As I posted last week, the docket reallocation sent a couple hundred of Judge Schneider's pending cases to Judge Gilstrap. Prior to that, however, Judge Schneider ruled on a number of pending motions to transfer in the Geotag litigation.. I have extracted two grants to summarize, and will try to post on an exemplar denial in the next few days.
In a truly magnificent coincidence, the motions below are by Godfather's and Fredo (okay, Fred's).
Judge: Michael Schneider
Holding: Motion to Transfer Venue GRANTED
Nebraska. That's where Geotag's claims against Godfather's Pizza are headed after Judge Schneider granted the motion to transfer. Geotag didn't opose GP's motion to sever as long as the case stayed and was consolidated for pretrial, but did oppose if it would be transferred.
With respect to the private interest factors, Judge Schneider found that Geotag's ties to the Eastern District were not recent or ephemeral, nor was its presence an artifact of prior litigation, nor in anticipation of litigation, and detailed the facts he considered in coming to this determination, but still found that the location evidence favored transfer, since the bulk of the relevant identified evidence is more easily accessed from the District of Nebraska. In addition, he found that the District of Nebraska has absolute subpoena power over all of the identified third-party witnesses, while the Eastern District of Texas does not have absolute subpoena power over any identified non-party witnesses. The Court found that this factor "weighs heavily" in favor of transfer. It also found that the convenience to non-party witnesses factor weighed in favor of transfer.Finally, looking at the "all other practical problems" factor, Judge Schneider found that it was neutral:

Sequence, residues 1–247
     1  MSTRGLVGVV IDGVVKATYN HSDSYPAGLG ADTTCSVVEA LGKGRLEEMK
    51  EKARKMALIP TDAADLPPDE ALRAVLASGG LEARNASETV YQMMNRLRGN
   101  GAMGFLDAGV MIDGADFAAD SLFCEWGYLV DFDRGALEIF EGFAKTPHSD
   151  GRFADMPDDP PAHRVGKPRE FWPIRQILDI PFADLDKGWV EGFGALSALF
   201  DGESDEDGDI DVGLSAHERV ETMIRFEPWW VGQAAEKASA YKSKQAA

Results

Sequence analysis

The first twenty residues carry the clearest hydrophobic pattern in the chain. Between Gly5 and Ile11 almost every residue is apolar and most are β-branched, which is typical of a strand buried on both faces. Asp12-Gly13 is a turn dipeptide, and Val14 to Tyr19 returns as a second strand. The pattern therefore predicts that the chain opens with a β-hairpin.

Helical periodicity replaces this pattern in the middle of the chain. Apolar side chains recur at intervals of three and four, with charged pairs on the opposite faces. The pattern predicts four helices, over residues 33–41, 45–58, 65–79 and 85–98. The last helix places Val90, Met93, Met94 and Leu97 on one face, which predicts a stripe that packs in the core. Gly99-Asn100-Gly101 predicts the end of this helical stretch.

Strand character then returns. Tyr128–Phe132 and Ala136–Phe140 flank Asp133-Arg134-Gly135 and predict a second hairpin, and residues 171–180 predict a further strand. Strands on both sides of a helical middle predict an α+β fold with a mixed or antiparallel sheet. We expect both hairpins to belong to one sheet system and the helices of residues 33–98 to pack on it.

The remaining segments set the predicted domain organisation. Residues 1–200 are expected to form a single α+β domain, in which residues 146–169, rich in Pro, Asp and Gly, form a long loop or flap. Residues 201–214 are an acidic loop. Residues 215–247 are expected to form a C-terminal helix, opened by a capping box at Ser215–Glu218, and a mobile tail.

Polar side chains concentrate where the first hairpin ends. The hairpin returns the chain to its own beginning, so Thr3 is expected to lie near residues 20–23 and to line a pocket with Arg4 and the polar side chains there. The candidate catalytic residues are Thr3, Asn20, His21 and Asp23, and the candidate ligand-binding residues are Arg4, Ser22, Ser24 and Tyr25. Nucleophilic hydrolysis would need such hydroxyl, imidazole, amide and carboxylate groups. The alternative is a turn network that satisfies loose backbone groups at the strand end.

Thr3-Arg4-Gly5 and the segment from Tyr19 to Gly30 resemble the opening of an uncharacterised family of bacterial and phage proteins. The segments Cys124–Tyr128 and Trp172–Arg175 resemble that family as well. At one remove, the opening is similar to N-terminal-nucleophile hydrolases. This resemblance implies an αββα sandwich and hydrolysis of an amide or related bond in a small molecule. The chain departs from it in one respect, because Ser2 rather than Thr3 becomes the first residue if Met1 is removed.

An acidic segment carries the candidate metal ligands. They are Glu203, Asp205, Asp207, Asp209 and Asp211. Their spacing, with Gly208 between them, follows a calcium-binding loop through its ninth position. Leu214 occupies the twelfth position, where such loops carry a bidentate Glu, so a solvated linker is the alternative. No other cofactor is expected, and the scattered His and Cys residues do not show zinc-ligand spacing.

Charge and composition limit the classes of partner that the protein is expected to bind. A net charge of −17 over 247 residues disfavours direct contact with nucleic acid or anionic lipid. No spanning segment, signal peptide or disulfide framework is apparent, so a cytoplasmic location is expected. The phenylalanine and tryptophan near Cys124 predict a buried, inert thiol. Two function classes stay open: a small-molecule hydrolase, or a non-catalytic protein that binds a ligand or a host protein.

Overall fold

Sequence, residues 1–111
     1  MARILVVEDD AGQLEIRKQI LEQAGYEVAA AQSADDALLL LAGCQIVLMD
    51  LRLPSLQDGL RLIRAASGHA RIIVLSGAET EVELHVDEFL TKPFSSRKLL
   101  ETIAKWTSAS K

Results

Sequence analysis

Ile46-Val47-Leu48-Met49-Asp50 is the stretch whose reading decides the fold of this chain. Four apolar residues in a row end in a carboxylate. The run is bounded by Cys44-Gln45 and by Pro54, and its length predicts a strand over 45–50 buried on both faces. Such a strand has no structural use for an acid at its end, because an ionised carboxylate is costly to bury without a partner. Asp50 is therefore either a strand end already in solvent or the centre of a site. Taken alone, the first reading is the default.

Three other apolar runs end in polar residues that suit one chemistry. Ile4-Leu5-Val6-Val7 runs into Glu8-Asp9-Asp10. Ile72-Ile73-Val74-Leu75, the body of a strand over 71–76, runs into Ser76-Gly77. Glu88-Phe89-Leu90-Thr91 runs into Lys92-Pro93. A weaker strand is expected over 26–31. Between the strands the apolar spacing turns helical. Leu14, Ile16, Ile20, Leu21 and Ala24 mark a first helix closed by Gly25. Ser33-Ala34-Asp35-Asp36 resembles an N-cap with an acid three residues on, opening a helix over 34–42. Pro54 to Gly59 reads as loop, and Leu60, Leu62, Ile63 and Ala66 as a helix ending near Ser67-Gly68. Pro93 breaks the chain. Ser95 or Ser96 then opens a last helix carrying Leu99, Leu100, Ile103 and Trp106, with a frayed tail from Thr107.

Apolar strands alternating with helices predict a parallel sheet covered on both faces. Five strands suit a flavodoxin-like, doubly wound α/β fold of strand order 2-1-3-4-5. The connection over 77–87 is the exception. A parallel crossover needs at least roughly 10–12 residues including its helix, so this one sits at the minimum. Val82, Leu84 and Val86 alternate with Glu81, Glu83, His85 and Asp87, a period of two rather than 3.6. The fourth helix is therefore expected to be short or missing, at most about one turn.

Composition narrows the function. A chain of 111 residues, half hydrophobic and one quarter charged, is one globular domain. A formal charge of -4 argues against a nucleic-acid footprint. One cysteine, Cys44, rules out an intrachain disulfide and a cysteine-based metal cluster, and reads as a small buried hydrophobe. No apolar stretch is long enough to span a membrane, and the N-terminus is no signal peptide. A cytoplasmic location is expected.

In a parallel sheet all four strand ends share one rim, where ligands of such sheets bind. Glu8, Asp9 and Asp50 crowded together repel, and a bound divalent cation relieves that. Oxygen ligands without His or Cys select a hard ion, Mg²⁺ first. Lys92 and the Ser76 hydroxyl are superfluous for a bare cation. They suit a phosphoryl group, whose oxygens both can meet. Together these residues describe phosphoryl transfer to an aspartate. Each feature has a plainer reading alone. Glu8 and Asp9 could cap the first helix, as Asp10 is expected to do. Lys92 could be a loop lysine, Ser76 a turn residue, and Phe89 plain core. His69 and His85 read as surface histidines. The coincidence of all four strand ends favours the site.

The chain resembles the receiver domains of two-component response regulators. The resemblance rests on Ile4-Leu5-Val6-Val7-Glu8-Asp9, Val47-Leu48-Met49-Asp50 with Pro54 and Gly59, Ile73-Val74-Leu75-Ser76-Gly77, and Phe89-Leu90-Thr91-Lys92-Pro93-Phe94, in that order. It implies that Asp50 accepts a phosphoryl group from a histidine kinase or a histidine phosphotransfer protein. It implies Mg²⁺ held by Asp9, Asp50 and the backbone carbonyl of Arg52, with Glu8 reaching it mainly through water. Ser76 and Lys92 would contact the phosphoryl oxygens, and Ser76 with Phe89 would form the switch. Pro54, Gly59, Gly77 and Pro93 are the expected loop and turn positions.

This litigation involves over 100 cases against in excess of 400 defendants. Although GeoTag asserts the ‘474 patent in each case, none of the cases involve related defendants or overlapping products or services. GeoTag argues that having a single court familiar with the facts and legal issues would produce significant gains in judicial economy. The Court disagrees.
Although all of the cases involve infringement claims, none of them share the same accused services. GeoTag claims that common issues between defendants provide gains in efficiency. But this argument is unavailing. GeoTag has not pointed to any “common issues” that would not be present in all infringement cases (i.e. claim construction). This is not a situation where other practical problems jeopardize the easy, expeditious, and inexpensive trial of this dispute.
The Court will not permit the existence of separately filed cases to sway its transfer analysis. Otherwise, a plaintiff could manipulate venue by serially filling cases within a single district. Allowing a plaintiff to manufacture venue based on this alone would undermine the principals underpinning transfer law and the recently enacted America Invents Act. See Leahy-Smith America Invents Act, 35 U.S.C. § 299 (2011) (codifying new law for determining proper joinder in patent cases).
With respect to the public interest factors, Judge Schneider found three factors netrual, and one, the local interest, to slightly favor transfer. Taking all the factors together, he found that the defendant had carried its "significant burden" to justify a transfer.
Geotag v. Fred's, 2:10cv478 (1/14/13)
Judge: Michael Schneider
Holding: "You are nothing to me now." Okay, okay, motion to transfer was GRANTED
Godfather homage, aside, the motion to transfer by Fred's did not take the proverbial fishing trip on Lake Tahoe, and was granted as well.